The real cost of the Stimulus Bill BALDWING, L.I., NY. April 27, 2020  by Hadley Benoit*

The real cost of the Stimulus Bill BALDWING, L.I., NY. April 27, 2020  by Hadley Benoit*

The current narrative being put out is that we’ve been blindsided by a virus coming out of China. A virus that may have occurred naturally or created in a lab and released through some kind of error, accident or weaponized for this specific purpose. History, on the other hand, tells that we shouldn’t have been blindsided by this because previous administrations had been preparing for, and expecting something of the sorts for over a decade. Yet, our economy was shuttered overnight. All have been summoned to stay home and practice “social distancing,” while the virus runs its course. A course during which millions are being infected and thousands killed.

To address a halted economy, with unemployment numbers unseen since the Great Depression, the U.S. Government, so far, has initiated three rounds of economic stimulus totaling nearly $3 trillion. A 4th round of stimulus is currently being debated with proposed mandates, including a $2,000 per month payment to all Americans for up to 12 months, and mortgage and rent “forgiveness” for up to 12 months. If passed, without amendments, this 4th round of stimulus will come at a cost of nearly $5 trillion. Added to the previous three rounds, this would amount to $8 trillion of government stimulus spending compared to $3.5 trillion of federal  tax revenue collected for fiscal year 2019.

The U.S. currency is a fiat currency, not backed by gold or any other precious commodity. It gets its backing from “the full faith and credit” of the U.S. Government. A “full faith and credit” that can be potentially undermined, if these stimulus packages aren’t executed efficiently and effectively. If all these proposed mandates are passed as suggested, the U.S. Federal Reserve will be basically printing and flooding the economy with $8 trillion of currency.

The flooding of the economy with all this newly printed money, while a large portion of the population remains unemployed, risks sending our economy into hyperinflation. When other countries experience hyperinflation, that results in people minimizing their holdings in the currencies of such countries. They switch to more stable world currencies, often to the U.S. dollar. So, what happens when it is the U.S. dollar which experiences long term hyper inflation?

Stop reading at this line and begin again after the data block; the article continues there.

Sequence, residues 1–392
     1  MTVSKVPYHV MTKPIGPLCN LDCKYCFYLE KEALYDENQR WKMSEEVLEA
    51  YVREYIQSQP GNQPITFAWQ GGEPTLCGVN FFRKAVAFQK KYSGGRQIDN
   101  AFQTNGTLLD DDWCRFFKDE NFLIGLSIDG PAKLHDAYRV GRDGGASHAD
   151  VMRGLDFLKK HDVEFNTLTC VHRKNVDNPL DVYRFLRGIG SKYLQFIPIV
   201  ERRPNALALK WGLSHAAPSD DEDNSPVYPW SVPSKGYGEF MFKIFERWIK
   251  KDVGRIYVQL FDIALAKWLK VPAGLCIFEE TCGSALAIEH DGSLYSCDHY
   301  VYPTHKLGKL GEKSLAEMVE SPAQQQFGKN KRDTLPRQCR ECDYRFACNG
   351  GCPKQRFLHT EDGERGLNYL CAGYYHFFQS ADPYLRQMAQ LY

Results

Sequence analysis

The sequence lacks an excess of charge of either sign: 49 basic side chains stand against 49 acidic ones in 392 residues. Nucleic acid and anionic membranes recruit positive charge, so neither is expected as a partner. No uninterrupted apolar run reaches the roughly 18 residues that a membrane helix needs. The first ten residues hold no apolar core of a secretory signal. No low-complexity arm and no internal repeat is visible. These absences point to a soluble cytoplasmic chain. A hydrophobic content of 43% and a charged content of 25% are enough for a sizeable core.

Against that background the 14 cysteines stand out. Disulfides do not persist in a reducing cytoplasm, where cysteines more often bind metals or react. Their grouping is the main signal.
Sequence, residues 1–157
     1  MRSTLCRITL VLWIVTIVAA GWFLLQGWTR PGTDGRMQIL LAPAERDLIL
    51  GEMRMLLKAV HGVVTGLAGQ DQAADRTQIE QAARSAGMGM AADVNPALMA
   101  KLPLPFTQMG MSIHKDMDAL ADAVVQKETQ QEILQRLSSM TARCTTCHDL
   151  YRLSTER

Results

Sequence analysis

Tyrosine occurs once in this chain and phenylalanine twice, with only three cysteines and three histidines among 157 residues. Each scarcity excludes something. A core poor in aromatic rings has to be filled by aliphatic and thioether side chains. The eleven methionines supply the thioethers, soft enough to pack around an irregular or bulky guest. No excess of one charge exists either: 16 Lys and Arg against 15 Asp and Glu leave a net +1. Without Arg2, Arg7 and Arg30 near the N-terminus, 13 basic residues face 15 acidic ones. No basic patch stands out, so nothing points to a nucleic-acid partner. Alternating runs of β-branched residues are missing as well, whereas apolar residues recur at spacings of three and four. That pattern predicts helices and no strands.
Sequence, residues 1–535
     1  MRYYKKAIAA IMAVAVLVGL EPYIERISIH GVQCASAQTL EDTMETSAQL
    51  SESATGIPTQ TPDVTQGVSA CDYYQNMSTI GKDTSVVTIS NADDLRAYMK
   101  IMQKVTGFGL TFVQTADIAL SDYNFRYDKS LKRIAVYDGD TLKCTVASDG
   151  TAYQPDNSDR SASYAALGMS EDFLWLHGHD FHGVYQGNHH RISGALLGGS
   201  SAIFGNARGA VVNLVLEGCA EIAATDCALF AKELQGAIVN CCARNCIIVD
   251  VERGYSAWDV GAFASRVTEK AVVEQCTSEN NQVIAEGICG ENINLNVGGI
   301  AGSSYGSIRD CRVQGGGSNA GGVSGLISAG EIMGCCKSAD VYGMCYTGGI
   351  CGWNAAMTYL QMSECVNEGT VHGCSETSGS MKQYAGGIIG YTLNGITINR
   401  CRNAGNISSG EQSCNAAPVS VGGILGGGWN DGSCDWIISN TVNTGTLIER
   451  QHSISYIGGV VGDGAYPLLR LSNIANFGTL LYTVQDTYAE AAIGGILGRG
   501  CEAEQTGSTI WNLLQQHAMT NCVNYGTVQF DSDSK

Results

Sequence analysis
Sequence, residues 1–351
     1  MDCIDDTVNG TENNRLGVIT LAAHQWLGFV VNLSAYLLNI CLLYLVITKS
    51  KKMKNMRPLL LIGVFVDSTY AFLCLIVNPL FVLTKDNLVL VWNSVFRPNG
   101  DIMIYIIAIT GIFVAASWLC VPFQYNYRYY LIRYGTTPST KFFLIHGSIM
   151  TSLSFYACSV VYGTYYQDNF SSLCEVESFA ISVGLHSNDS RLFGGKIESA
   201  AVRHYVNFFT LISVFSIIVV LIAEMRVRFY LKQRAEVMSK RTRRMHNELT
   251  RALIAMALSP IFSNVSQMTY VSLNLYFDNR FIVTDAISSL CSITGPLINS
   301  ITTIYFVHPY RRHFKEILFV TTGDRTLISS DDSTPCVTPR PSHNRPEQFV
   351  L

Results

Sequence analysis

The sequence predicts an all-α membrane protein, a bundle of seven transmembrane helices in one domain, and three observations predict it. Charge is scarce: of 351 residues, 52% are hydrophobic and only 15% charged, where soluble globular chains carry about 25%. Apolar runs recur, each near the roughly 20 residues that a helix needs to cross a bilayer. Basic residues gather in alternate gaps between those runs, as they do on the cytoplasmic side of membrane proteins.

The “full faith and credit” of the U.S. dollar has afforded it the status of being the world’s global reserve currency. Most international trade is conducted in U.S. dollars, and many other world currencies peg their value to that of the U.S dollar. Obviously, long term hyperinflation will jeopardize the standing of the U.S. dollar as the world’s global currency.

Of all the currencies around the world, few have the economic size or political and economic stability to replace the U.S. dollar as the world’s global currency. In fact, the Euro and the Chinese Yuan are the only other currencies that seem poised to assume the position of confidence, if the U.S. dollar wanes. Recent events of “Brexit” have highlighted the lack of confidence in the Euro by at least one of its most important members.

Consequently, China would be left in the enviable position to which it has long aspired, that is to have the Yuan become the world’s reserve currency. Current global events appear to be moving Beijing closer to that goal.

As China’s economy begins to normalize after five months of aggressive response to COVID- 19, America’s response to the pandemic is pointing towards a prolonged struggle of 12 to 18 months before its economy may begin to recover.

It appears that while the powers-that-be in Washington were playing golf, their counterparts in Beijing were playing a long, astutely calculated, game of chess!

*Hadley Benoit, is a Business Administration professor at Mildred Elley College NYC campus. He holds Bachelor’s and Master’s degrees in Economics. He’s also co-owner of Kaché Restaurant and Lounge in Brooklyn, N.Y.

cet article est publié par l’hebdomadaire Haïti-Observateur, VOL. L No.16 New-York, édition du 29 avril 2020 et se trouve en P.1, 7, à :